Tobago, 300 sq km (116 sq miles) in area, lies 34 km (21 miles) northeast of Trinidad. Of volcanic origin, the island is a single mountain mass, although the southwest is flat or undulating and coralline. The highest peak, the Main Ridge, reaches

• 6400 km (3977 miles) from London Flying time: 8.7 hours

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Climate Trinidad and Tobago offers a marine, tropical climate, with sunny weather throughout. Daytime temperatures average 31ºC (87ºF) moderated by northeast trade winds, while nights are a cool 21ºC (69ºF). Trinidad possesses two distinct seasons – dry, from January to May, and wet, from June to December. There is a short dry period around mid-September called Petit Carême, which is an excellent off-season time to visit. Trinidad is just outside the usual path of hurricanes and other tropical storms but Tobago can experience inclement weather as a result of such weather systems.

History Before the arrival of Columbus in 1498 the islands were inhabited by Amerindian tribes - mainly the Kalinagos and the Tainos. Though the descendents of those indigenous inhabitants have dwindled in numbers, many aspects of Amerindian culture were preserved, and many towns, rivers and boroughs are named with Amerindian words. The island was settled by the Spanish in the late 1500’s. Although it attracted French, free Black, and other non-Spanish settlers, Trinidad remained under Spanish rule until the British captured it in 1797. During the colonial period, Trinidad’s economy relied on large sugar and cocoa plantations.

island. Tobago was finally ceded to Great Britain in 1814. Trinidad and Tobago was incorporated into a single colony in 1888. With the abolition of slavery in 1834 planters found themselves without the traditional cheap labour to cultivate their agricultural plantations. This shortfall in labour was met by Indian indentured labourers who first arrived in Trinidad in 1845. They migrated from Uttar Pradesh, Madras, Punjab and other provinces, and comprised both Muslims and Hindus. From 1806 to 1866 the Chinese came as indentured

Tobago’s development was quite different from Trinidad’s. During the colonial period, French, Dutch, and British forces fought for possession of the island, which changed hands twenty-two times – more often than any other West Indian

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INTRODUCING

Trinidad and Tobago Its seat is in the capital city, Scarborough. The country has remained a member of the Commonwealth, and has retained the Judicial Committee of the Privy Council in London as its highest court of appeal for criminal matters. Local government is conducted by nine (9) regional corporations and five (5) municipalities.

labourers and in the 1850’s the Portuguese came from the island of Madeira as well. Many Syrians and Lebanese also came to Trinidad as traders, the last wave having arrived by 1934. This unique immigration pattern largely created the cosmopolitan society that Trinidad and Tobago is today. The direction of the Trinidad and Tobago economy began to change in the 1850’s with the discovery of oil in Trinidad, and the commercialisation of the petroleum industry during the early 20th century. Trinidad and Tobago achieved full independence in 1962 and joined the British Commonwealth.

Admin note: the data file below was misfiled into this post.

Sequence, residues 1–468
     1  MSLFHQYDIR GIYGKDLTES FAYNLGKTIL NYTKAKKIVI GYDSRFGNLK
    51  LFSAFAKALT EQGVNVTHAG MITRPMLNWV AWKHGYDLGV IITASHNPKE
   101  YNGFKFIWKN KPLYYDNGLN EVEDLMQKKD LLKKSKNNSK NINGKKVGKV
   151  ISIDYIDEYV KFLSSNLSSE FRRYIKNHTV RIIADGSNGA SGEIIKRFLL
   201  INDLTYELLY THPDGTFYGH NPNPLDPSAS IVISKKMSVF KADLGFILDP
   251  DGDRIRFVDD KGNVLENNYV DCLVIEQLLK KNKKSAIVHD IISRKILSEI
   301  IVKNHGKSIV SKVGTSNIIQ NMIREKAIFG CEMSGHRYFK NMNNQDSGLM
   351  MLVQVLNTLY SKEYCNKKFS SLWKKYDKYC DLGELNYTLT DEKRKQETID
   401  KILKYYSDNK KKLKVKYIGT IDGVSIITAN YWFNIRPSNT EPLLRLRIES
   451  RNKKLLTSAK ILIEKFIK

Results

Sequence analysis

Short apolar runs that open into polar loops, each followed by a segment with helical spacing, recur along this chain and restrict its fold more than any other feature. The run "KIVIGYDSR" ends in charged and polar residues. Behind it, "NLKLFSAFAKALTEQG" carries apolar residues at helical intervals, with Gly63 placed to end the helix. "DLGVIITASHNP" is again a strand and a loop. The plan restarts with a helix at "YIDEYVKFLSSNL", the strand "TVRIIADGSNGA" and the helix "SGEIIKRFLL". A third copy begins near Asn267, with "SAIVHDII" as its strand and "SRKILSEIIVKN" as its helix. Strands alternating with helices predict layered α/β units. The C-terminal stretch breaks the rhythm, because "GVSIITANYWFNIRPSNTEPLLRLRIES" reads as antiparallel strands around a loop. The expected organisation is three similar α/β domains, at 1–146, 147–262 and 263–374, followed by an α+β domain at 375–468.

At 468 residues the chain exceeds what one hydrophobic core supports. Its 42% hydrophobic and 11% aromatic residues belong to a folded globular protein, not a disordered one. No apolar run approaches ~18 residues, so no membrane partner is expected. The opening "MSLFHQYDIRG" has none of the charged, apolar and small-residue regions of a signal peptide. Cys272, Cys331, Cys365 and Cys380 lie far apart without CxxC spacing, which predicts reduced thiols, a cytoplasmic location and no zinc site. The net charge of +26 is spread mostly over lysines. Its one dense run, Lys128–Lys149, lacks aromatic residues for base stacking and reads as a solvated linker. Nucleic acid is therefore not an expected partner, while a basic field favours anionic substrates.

The Senate and the House of Representatives The Senate is the appointed Upper House of the bicameral Parliament of Trinidad and Tobago, which is based at the Red House. The Senate comprises of Government Senators appointed on the advice of the Prime Minister, Opposition Senators appointed on the advice of the Leader of the Opposition and Independent Senators appointed by the President to represent other sectors of civil society.

Political System Trinidad and Tobago is an independent Republic that preserves the Westminster tradition of Parliamentary democracy upon which the constitution is based. General elections are held every five years. The head of state is the President, who is elected by an Electoral College of members of the Senate and House of Representatives for a five-year term. Executive power, however, is vested in the Prime Minister and Government following elections. The Prime Minister and appointed Cabinet Ministers serve as the political heads of the Ministries. The administrative heads are the Permanent Secretaries.

The Presiding Officer, the President of the Senate, is elected from the Government benches. The House of Representatives is the elected Lower House. Members are elected to represent single-seat constituencies. The Parliament is elected with a five-year life-span, but may be dissolved earlier by the President at any time if so advised by the Prime Minister.

The Role of the President and Prime Minister

The island of Tobago, through the local Government body, Tobago House of Assembly, enjoys a certain degree of autonomy, and its separate history, culture, and identity are recognised.

The President of Trinidad and Tobago is the country’s Head of State and Commander in Chief of the country’s armed forces. The President replaced the British monarchy as the

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Head of State when Trinidad and Tobago became a Republic on August 1, 1976. (The event is celebrated on September 24 since this is the date Parliament first met under the new Constitution). Under the 1976 Constitution, the office of President is a ceremonial post, with executive power remaining with the Cabinet, headed by a Prime Minister. The President appoints as Prime Minister the leader of the largest party in the House of Representatives, and also appoints members of the Senate on the recommendation of the Prime Minister and the Leader of the Opposition. The current President of Trinidad and Tobago is Professor Emeritus, His Excellency, George Maxwell Richards. (2012) The Prime Minister is the presiding member of Cabinet, which is the body, comprised of the heads of Ministries, that governs the country. The Prime Minister can select and dismiss other members of the cabinet, and allocate posts to members within the Government. As well as being Head of Government, a Prime Minister may have other roles or titles or portfolios. The current Prime Minister is The Honourable, Mrs. Kamla Persad-Bissesar. (2012)